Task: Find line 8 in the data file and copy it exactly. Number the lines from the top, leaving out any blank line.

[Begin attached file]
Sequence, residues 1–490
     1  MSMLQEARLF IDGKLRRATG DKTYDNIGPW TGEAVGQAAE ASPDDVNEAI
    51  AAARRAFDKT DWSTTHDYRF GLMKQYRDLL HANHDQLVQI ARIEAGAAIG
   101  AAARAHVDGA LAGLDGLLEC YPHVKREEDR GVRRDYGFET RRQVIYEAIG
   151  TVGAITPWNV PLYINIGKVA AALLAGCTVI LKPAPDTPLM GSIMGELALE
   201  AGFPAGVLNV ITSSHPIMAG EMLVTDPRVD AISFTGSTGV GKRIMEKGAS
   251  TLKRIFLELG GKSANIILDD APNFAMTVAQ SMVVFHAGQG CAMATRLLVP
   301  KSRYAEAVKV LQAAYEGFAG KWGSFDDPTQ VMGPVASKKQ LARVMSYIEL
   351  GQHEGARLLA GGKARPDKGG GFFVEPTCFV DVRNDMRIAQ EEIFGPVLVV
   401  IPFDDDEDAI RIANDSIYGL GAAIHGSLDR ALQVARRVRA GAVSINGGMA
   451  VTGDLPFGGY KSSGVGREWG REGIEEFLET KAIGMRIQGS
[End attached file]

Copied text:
   301  KSRYAEAVKV LQAAYEGFAG KWGSFDDPTQ VMGPVASKKQ LARVMSYIEL